I woke up this morning of thinking of Christmas – one Christmas in particular. I was 10, maybe 11, right around Beckett’s age.
It was the only white Christmas I remember.
The snow came down in buckets; the storm door that marked the front entrance of my childhood home sweeping away a fresh ½ inch of snow every time someone came inside.
It delayed the entire day. My uncle, a hallmark of every Christmas morning, showed up well after breakfast time, lugging his boxes of gifts up the steep front steps.
Those steps were an afterthought to my childhood home – built well after the home was lifted on hydraulic jacks to keep it above the flood-prone Pompton River.
My mom fell down them – landed on her ass and back – on numerous occasions. I did, too. Snowmelt fell off the roof onto those stairs and refroze. They were an accident only bags of rock salt could prevent.
But despite the delay (we didn’t open gifts until 10 a.m.), I loved that Christmas. Well, I loved every Christmas as a kid, but that one in particular. The rosy cheeks of everyone who entered, the cold rush of air swept inside ever time the hydraulic spring slammed the door shut, seemed perfect.
It was like a picture of what Christmas was supposed to be; the juxtaposition of inside warmth and outside cold; of family and friends. It was a place of peace, without worry.
It was safe; it was storybook.
Maybe that’s why it sticks.
* * *
I can’t quite tell you why I woke up with that memory today. My guess is that it has something to do with my family selling the hardware store I grew up in after 32 years in business this past week.
You see, 98% of our Christmas gifts, I think, came from the hardware store.
But it also dictated our reality. All that snow meant my family worked that Christmas – snow-plowing business parking lots and driveways, getting ready for the deluge of customers that would need supplies the next day.
Owning a small business meant always being “on”.
But I’m guessing the recollection stems from something deeper, too – a desire to tap into, or recollect, the kind of innocence those memories evoke.
Today, I was lucky enough to catch up with a very close friend of mine, a guy my age who recently underwent some pretty hardcore surgery.
We talked about the impact these things can have on you – the smack in the face you get when you realize that the innocence of a quaint childhood is a mirage, that death always lingers around the corner. It’s time no more predictable than tomorrow night’s football score.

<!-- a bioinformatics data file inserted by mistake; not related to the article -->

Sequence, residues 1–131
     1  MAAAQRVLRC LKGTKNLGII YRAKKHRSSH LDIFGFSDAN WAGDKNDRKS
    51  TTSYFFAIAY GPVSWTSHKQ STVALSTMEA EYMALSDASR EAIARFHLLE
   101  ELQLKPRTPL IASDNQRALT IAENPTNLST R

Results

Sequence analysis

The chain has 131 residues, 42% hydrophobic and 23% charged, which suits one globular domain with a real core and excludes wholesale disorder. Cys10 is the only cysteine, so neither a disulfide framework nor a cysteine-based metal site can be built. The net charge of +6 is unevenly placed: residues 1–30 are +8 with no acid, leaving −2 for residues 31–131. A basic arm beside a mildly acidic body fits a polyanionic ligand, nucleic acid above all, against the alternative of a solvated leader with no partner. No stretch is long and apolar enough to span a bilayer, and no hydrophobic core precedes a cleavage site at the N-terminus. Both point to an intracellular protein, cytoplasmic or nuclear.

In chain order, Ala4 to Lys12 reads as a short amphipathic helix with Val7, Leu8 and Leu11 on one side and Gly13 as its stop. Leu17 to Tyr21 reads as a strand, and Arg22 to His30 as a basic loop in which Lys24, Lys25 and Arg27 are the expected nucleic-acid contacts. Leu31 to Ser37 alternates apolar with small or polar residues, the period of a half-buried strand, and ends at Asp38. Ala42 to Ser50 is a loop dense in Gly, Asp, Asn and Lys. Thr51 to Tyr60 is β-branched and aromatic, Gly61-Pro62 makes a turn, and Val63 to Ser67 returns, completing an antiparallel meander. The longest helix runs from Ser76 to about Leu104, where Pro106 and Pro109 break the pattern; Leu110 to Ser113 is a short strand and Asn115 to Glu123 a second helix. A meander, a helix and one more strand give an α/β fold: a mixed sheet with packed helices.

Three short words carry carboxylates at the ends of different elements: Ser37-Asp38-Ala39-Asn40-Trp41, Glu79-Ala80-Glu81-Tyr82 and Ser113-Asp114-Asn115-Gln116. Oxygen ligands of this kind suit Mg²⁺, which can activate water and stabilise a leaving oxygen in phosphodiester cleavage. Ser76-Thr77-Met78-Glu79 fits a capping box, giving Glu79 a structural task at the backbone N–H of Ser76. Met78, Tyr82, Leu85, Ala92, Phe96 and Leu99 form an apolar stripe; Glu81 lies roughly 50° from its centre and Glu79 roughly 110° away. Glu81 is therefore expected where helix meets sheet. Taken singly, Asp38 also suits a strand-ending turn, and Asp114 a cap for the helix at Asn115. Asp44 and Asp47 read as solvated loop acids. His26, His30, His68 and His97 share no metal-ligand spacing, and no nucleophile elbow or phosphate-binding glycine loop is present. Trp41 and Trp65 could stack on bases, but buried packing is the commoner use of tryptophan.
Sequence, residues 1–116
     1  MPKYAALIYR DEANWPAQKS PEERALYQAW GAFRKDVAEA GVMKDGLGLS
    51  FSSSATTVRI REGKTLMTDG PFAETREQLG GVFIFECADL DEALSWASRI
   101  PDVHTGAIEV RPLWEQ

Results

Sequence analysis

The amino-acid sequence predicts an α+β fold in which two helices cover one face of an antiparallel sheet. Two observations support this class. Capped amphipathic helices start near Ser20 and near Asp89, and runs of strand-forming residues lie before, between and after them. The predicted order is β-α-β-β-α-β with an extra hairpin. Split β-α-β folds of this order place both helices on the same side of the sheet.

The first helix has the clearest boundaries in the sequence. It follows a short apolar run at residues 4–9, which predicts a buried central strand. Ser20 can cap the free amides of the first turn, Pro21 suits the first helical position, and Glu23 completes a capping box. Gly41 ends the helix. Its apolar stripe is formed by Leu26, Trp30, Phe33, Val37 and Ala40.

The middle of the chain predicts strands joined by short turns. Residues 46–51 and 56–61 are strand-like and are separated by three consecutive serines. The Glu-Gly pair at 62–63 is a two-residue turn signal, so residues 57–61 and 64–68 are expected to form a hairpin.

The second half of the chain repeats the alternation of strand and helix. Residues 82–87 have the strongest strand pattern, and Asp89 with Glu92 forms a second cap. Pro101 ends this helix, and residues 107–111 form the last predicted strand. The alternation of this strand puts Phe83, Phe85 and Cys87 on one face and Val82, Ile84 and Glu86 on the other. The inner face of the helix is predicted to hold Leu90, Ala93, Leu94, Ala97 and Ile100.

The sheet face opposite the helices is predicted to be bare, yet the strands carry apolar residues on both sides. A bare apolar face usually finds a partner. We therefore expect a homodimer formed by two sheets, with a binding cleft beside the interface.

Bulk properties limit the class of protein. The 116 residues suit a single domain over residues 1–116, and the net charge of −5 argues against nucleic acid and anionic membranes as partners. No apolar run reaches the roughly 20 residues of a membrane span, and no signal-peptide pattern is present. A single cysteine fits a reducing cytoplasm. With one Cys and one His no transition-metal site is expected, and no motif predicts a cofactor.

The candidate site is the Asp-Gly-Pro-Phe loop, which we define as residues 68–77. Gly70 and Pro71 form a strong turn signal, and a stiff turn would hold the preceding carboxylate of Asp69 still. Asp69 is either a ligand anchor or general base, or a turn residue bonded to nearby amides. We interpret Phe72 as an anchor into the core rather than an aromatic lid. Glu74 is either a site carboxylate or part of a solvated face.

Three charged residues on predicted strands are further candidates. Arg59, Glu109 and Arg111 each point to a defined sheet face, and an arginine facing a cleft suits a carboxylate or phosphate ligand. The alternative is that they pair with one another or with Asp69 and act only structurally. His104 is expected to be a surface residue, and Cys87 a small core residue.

And then, he said, “I can’t imagine having to cope with that knowledge at 9 years old.”
* * *
Truth is, I can’t imagine it either. And I live with a 9-year-old who, in his own way, is doing exactly that.
In the emergency room on Wednesday he told Heidi and I, “I think I’m going to die at a young age.”
“Why?” I asked.
“Because I just have so much wrong with me all the time.”
It’s a strange thing to hear your 9-year-old say.
I told him that was bull; that he would be fine.
And I don’t just believe that, I know that.
But he doesn’t.
The scars of his descent seem to become thicker the further we get from the incident.
I’ve always said I can’t handle another trip down that road; another trip down the road of bodily destruction via disease.
But I’ve always been focused on the physical.
I wasn’t ready for the mental impact, not 3 or 4 years later.
* * *
I’m no pro. I don’t know how to gauge this.
Most days are fine. Most days are normal.
He’s a kid. She’s a kid.
Like today, we ride bikes and play hide and seek.
There’s trips to the grocery store and Target. Apples and socks and paper towels.
Everything according to plan. Breakfast in the sunshine. A lazy lunch.
A movie at night.
And, really, no complaints.
Call it our own little White Christmas in September.
And these are most days.
But the days when things go wrong? They seem like poison inside. Like a fog lingers. You can’t slice through it. You can’t make sense.
Yet it bounces around all nonchalant. Today, all is normal. Tomorrow all is broken.
It leaves me feeling like a freak.
Poisoning you with my worries when things go bad; reassuring everyone when things go right.
The days when all goes right way outnumber those that don’t.
But the frequency of broken instances – it starts as a trickle, a drop, and then a drop just a little more rapid – moves forward.
This time almost moved me to action.
But now, the peace is so nice.
Why be scared, when this time could be the last time?
Everything falling perfectly right into its little perfect place.
* * *
The great irony is, four years later, the only real danger any of us have ever faced has mostly been in our heads – the physical ailments either one-offs, or explainable as the normal aftermath of his situation.
That doesn’t prepare you for it.
But I’m also tired of talking about it, of writing about it, because it jams itself into my mind as fear – and the fear needs an outlet – leaving you as the recipients.
I’d rather write about White Christmases; where all is perfect.
Where it smells like coffee. And all I see is smiles.
And my friends haven’t stared death in the face.
And neither have my kids.
And everything isn’t gauged based on the calculation between the span of an average life and the risk of the selected activity.
Nope, mom just falls down the stairs, because somebody forgot to throw down some rock salt.
And instead of thinking, “Wow, she could’ve gotten seriously injured,” you laugh.
Because you’re 9.
And people don’t die or get seriously hurt in your world.
They get a liitle bruise when they slip on the stairs. And curse. And get back up, on their way with their day.
What a fairy tale.
What a fairy tale I used to live.
What a fairy tale some of us still do.
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